Sunday, March 11, 2012

Discount Worship

My wife came back from a solo adventure in worship unusually frustrated. When she’d had time to absorb her Sunday morning experience, she told me what happened and why she was upset about it.

This is her story:

Her first comment was how offended she was that the minister leading the service was in ordinary casual clothes. No robe to identify his role. Not even a suit. Rather than being in “Sunday best” he was garbed in “Friday casual”.

Granted she’s of the generation that used to get all gussied up to go to church. Younger folks accuse people who dress for church of being proud peacocks or peahens, more concerned about themselves than anyone else including God. Certainly true sometimes, but for most it was, and still is, simply a sign of respect.

So, for her, this deliberate casualness on the part of the clergy was a clear statement that what he was doing was not important—and a sign of disrespect to others who were there.

The whole service followed in kind—not only was his dress casual, but so was his manner, and the service had a lackadaisical quality. There was little urgency in proclamation of the Gospel. It was friendly and folksy, yet lacked any real sense of awe in the presence of the Living Lord.

The order of things didn’t seem to be leading anywhere either. What happened was on a “To Do” list that passed itself off as a bulletin.

Several things are going on at once here.

First, the minister is not clear on his own role as a leader of worship, or at least not keen about being identified as being in that role. He apparently was more interested in just being “one of the guys”, a regular fella whom everyone would like.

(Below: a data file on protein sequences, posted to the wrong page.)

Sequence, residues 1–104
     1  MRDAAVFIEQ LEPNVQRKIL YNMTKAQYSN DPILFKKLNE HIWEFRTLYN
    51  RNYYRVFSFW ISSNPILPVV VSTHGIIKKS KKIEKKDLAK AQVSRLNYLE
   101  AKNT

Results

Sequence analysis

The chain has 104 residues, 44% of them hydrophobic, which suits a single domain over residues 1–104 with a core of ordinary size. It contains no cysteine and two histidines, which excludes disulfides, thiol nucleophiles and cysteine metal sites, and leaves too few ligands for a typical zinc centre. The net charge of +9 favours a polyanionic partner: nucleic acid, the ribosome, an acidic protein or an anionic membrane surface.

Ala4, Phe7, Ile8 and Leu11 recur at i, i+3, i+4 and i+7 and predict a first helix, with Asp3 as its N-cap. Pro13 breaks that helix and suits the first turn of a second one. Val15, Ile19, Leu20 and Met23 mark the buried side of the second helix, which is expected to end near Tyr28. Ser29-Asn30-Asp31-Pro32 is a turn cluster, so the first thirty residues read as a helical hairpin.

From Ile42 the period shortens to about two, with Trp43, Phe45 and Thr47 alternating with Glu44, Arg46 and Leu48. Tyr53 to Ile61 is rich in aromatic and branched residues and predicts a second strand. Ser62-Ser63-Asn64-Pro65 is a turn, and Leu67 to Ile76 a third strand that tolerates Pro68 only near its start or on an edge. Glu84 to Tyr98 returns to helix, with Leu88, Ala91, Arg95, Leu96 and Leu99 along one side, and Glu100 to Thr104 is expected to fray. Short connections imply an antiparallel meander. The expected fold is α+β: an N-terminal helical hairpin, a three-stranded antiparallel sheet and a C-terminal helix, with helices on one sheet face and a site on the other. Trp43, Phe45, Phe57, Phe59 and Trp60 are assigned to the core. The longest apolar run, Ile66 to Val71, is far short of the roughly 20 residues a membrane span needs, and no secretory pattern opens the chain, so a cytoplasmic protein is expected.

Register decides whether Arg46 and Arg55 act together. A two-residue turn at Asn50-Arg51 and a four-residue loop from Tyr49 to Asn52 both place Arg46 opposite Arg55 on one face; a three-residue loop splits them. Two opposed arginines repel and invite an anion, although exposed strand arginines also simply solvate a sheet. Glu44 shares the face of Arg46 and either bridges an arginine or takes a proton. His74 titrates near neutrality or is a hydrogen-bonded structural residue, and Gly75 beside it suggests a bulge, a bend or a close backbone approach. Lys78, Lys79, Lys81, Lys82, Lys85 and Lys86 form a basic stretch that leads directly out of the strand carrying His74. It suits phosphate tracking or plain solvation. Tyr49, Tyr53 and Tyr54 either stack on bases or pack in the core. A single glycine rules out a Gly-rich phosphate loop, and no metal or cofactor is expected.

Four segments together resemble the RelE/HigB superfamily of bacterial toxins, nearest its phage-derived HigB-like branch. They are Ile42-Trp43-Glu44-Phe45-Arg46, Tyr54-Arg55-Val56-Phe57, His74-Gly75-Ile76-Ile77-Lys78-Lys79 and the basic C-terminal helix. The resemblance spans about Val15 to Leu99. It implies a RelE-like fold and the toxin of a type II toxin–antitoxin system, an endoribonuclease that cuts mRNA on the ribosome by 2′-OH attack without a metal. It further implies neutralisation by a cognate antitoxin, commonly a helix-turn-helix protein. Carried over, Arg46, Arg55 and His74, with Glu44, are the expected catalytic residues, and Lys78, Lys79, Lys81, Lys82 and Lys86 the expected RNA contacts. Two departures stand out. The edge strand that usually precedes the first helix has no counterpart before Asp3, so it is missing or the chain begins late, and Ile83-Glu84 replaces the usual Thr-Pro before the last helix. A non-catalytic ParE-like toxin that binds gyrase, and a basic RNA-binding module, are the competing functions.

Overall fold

There’s nothing wrong with that, of course, except that in the gathering of God’s people on the Lord’s Day, the person presiding has a particular function, and should be so identified. In this role, the minister has something specific to do, and is not just like everyone else.

In discounting his own role and its importance, the minister also discounted everything else. If what he had to do was without great purpose, then the whole experience was likely to be carelessly done. His leadership role already compromised, he’d cast the service adrift.

He further revealed a lack of awareness of the history of Christian worship. Two thousand years of experience and accumulated wisdom are abandoned and ignored when people try to be “contemporary” and “up-to-date” to please the youngsters. Obviously there is a need for the education of the clergy—and musicians—to draw upon the resources of tradition, and the education of the congregation as well.
I’m sure there are many ministers who want to make worship services more comfy for the young’uns, just as I know there are many more who are more concerned that worship offers the opportunity for an encounter with God. It is entirely possible to do both, without discounting the work of the people (liturgy) by making it a haphazard or heedless affair.

What worship leaders—including musicians—so often forget is that what they do in their roles has an effect on the people. And the effect is not always the intended one. It’s a smart thing to count the consequences in advance of launching into something that’s a departure from the norm.

In this instance, for at least one person I know about, the effect was not good. Not so much anger as disappointment—that was the residue for her.

How casual should Lord’s Day worship be? What are other situations where casual worship is appropriate? How is the minister identified as worship leader in your church? How are musicians identified?

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